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Kate Madin


I was born in California near San Francisco Bay, and childhood summers included fishing in Washington rivers, digging clams on Oregon beaches, and camping from the California redwoods to the Olympic rainforest. Living close to nature and being the daughter of a chemistry teacher, I inclined toward science. At the University of California, Davis, I met my future husband knee-deep in mudflats diging for marine invertebrates. After a year in Bimini on a science-on-a-shoestring expedition to study open-ocean zooplankton, we returned to Davis, moved eastward to WHOI, and I commuted cross-country for a PhD at UCD. I feel very fortunate to have been able to raise a family, stay close to science through writing and education outreach, and work with wonderful, interesting people every day.

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PlankZooka & SUPR-REMUS

PlankZooka & SUPR-REMUS

Much of marine life begins as microscopic larvae—so tiny, delicate, and scattered in hard-to-reach parts of ocean that scientists have…

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Eavesdropping on Whales

Eavesdropping on Whales

WHOI scientist Mark Baumgartner has installed a mooring in New York waters that listens for whales and sends back alerts. The prototype advance-warning system could one day help reduce shipping collisions with whales.

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A Big Decline of River Herring

A Big Decline of River Herring

River herring used to run up coastal streams in great numbers in springtime, returning from the ocean to spawn in fresh water. But their populations have plummeted. WHOI biologist Joel Llopiz is investigating critical gaps in understanding river herring’s larval stage just after they hatch.

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A New Tsunami-Warning System

A New Tsunami-Warning System

After successfully testing a long-range underwater communications system that worked under Arctic Ocean ice, an engineering team at Woods Hole…

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Communicating Under Sea Ice

Communicating Under Sea Ice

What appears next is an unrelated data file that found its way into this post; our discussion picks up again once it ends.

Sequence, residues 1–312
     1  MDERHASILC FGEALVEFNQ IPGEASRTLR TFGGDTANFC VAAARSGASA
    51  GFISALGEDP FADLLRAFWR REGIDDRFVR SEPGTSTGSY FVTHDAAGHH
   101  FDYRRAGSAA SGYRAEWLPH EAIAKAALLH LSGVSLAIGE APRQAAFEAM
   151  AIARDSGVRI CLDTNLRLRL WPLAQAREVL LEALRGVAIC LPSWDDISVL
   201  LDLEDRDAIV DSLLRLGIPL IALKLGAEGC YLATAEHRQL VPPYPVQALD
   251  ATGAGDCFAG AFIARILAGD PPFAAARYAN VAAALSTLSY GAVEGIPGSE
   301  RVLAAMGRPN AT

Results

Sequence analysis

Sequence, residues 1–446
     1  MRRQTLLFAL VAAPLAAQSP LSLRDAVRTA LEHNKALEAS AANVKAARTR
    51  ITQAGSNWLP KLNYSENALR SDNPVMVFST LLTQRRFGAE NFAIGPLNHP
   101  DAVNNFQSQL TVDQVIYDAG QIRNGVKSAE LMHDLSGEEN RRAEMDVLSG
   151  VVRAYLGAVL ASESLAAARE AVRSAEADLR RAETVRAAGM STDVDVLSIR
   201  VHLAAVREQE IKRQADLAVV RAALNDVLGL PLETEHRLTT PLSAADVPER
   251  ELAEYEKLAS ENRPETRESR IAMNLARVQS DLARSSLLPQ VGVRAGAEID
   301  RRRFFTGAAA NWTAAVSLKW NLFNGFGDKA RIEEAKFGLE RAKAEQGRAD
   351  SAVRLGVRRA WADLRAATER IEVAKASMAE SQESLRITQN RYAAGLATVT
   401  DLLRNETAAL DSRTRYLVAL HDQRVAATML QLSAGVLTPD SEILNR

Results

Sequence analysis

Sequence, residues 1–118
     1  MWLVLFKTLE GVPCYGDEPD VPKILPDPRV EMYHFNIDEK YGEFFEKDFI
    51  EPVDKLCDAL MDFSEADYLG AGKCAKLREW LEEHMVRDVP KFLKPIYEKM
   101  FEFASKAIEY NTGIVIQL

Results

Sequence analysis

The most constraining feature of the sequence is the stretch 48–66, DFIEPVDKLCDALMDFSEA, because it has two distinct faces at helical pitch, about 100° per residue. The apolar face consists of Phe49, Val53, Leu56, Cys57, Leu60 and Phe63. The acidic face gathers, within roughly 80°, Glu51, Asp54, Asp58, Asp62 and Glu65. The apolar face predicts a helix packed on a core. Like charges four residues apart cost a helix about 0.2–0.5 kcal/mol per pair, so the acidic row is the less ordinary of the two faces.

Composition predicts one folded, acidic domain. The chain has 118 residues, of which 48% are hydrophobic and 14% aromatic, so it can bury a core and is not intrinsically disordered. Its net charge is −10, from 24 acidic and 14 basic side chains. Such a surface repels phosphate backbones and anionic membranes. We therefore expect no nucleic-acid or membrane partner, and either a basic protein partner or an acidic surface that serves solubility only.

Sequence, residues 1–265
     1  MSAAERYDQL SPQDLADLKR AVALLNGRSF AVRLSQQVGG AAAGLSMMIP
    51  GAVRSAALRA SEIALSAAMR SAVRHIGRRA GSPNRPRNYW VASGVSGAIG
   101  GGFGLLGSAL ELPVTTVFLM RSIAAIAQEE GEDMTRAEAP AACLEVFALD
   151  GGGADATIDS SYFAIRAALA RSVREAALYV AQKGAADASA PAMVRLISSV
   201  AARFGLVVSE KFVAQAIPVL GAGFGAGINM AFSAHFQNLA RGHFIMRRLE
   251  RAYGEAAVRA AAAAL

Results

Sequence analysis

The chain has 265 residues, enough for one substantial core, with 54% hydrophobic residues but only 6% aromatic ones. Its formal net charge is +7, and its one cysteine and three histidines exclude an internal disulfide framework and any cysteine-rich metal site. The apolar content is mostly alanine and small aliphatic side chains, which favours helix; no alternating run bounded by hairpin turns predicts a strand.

Researchers at Woods Hole Oceanographic Institution developed a new communication and navigation system that works over long distances under Arctic sea ice, allowing scientists to use autonomous underwater vehicles to explore the ice-covered Arctic Ocean.

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How Did Earth Get Its Ocean?

How Did Earth Get Its Ocean?

Adam Sarafian overcame a learning disability and surmounted heights as a an All-American pole-vaulter—all before launching a scientific career that has now allowed him to hurtle across the universe and back through time to the period when Earth was still forming.

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A Telescope to Peer into the Vast Ocean

A Telescope to Peer into the Vast Ocean

There are more single-celled plankton in the ocean than stars in the universe. A new instrument is about to depart on a mission across the vast Pacific to capture images of what is out there.

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‘Covering’ Alvin‘s History

'Covering' Alvin's History

The Spellman Museum of Stamps and Postal History in Weston, Mass., is having an exhibit of postal covers and artifacts related to the submersible Alvin’s 50th anniversary Oct. 3 to Nov. 2.

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Alvin‘s Animals

Alvin's Animals

From orange octopi and furry yeti crabs to the largest known anemone, pilots and scientists diving in the Alvin submersible continue to find amazing marine creatures.

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Trailblazer in the Ocean

Trailblazer in the Ocean

On June 5, 1964, a stubby submersible with a not-so-bold name was commissioned on the dock of Woods Hole Oceanographic Institution, marking the beginning of a new era of deep-sea exploration

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A Buoy’s Long Strange Trip

A Buoy's Long Strange Trip

Since 2004, WHOI scientists have deployed ice-tether profilers (ITPs) in polar sea ice to monitor changing conditions in the Arctic. ITP 47 found its way to the coast of Ireland.

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WHOI CSI Lab Investigates Rare Whales

WHOI CSI Lab Investigates Rare Whales

Two seldomly seen deep-diving whales called True’s beaked whales were found dead on a beach on Long Island, N.Y. Why did the whales, an adult female and male juvenile,die?

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Can Squid Abide Ocean’s Lower pH?

Can Squid Abide Ocean's Lower pH?

To most people, squid are calamari: delicious when fried. But to WHOI researchers Max Kaplan and Aran Mooney, squid are another reason to be concerned about ocean acidification.

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